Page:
Cyberwarfare: Our Inevitable Demise

“I know not with what weapons World War III will be fought, but World War IV will be fought with sticks and stones.” 

This famous quote by Albert Einstein was first published in Liberal Judaism 16 in 1949, only a decade after Alan Turing’s “Universal Computing machine” (the ancestor of the modern computer) made its debut and turned the tides for the Allied Nations during World War II. Neither Turing nor Einstein could have known just how influential the concept of stored programming and the subsequent development of the modern computer would be in both warfare and our day-to-day lives nearly 70 years later. If they had, they might have been equally awe-inspired and horrified. The computer and, more recently, the Internet have completely revolutionized politics, to the point that more and more countries are introducing new units to their military specifically designed for the prevention (and perhaps launching) of cyber attacks – that is, hostile acts committed exclusively through or with the help of computer/virtual network technology.

Each of the three branches of the US Military now includes a subdivision dedicated to responding to cyber attacks, with the Department of Defense having published its framework for cyber war, known as the “Five Pillars,” in 2011. That same year, the White House also published its first International Strategy for Cyberspace, stating in not so many words that, when warranted, the United States would not be afraid to respond to hostile acts in cyber space with appropriate force, using any and all means necessary to protect national interests.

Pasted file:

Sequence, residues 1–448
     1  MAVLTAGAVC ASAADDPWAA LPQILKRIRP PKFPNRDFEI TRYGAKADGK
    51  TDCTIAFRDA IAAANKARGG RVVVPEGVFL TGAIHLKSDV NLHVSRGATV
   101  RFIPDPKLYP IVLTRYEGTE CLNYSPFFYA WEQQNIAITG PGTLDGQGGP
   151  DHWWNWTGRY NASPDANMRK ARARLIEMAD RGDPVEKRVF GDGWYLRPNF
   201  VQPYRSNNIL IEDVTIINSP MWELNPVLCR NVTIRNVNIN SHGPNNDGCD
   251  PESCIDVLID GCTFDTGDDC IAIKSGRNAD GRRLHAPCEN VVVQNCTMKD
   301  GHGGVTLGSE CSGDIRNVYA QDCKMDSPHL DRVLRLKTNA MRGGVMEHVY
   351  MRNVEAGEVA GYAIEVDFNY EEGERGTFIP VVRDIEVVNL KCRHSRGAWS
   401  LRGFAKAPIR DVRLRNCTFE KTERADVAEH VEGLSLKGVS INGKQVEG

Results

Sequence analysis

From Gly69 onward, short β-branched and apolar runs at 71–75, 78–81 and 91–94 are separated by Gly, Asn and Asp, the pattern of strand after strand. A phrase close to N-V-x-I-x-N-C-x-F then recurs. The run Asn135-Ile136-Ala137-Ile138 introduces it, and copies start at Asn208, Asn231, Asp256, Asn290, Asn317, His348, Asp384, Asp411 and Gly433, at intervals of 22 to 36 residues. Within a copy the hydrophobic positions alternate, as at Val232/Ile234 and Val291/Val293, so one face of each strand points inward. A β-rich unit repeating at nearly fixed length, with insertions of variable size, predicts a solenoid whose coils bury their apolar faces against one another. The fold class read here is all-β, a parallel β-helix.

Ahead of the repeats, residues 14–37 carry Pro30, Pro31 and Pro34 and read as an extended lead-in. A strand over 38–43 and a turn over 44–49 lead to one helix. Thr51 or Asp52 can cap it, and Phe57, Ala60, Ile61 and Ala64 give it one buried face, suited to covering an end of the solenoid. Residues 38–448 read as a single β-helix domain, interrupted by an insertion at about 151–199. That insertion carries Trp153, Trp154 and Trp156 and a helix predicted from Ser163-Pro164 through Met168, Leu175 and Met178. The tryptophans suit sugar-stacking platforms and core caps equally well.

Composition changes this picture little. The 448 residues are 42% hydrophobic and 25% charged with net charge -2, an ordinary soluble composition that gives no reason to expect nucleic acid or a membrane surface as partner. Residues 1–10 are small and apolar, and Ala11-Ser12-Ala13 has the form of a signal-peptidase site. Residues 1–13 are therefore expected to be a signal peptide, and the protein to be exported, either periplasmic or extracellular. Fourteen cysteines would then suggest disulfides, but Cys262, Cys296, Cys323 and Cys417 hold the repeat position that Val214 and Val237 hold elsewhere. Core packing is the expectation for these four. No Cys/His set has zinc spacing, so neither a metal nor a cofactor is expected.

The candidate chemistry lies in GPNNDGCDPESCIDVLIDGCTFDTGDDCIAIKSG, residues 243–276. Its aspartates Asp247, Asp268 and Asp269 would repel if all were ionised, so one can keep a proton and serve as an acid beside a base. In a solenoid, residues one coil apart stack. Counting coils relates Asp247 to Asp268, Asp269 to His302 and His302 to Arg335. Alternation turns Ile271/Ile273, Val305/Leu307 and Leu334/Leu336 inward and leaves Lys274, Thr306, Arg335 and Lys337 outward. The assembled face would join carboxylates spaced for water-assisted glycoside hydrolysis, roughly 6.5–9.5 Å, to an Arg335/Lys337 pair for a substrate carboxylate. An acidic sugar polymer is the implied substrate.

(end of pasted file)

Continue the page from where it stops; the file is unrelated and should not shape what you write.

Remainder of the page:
It took less than 100 years for computers and the World Wide Web to penetrate our infrastructure so completely that activity which damages our ability to connect is considered an act of aggression. With a few carefully-developed codes, a country’s entire banking system can be destroyed, national secrets can be leaked, and missiles can be launched. While digitalization may be extremely efficient, it also leaves us vulnerable.

According to the official White House website, over the next four years, President Trump intends to “make it a priority to develop defensive and offensive cyber capabilities at our U.S. Cyber Command.” Under the Obama administration, cyber espionage was a frequently-used military tactic, although direct attacks on other nations’ cyber infrastructure was relatively limited. It remains to be seen whether the same discretion will be undertaken by the new administration, though the White House’s phrasing does seem to emphasize offensive measures in addition to defensive.

It is no longer a question of ability, when it comes to how we use technology in our politics – it is a matter of morality. For some nations (cough Russia cough), this is no barrier to the development of more sophisticated cyberwarfare tactics. For others, it is more about maintaining the façade of morality than actually adhering to any tangible moral code. In fewer words, this means that the future of the Internet as a weapon is almost entirely dependent on a handful of world leaders (few of whom have proven themselves to possess the maturity and/or foresight to be making such influential decisions). Between Putin, Xi, Kim and Trump, the morality factor seems to be coming into play less and less. And who can blame them? We’re the ones who based our entire infrastructure on one extremely susceptible network. It’s only a matter of time until someone completely shuts down someone else’s network, and Party B responds with a full-fledged missile launch. World War III could potentially be started without deploying a single soldier, thanks to the World Wide Web.

Obviously, all this is not to say that we should divorce ourselves completely from the Internet. While that method may have held merit twenty years ago, it’s simply too late to untangle ourselves now. Instead, we must prepare ourselves for the very real possibility that we have already found Einstein’s mystery weapon, and allowed it to penetrate every dimension of developed society.

They say not to put all your eggs in one basket – we’ve squeezed in the whole farm.

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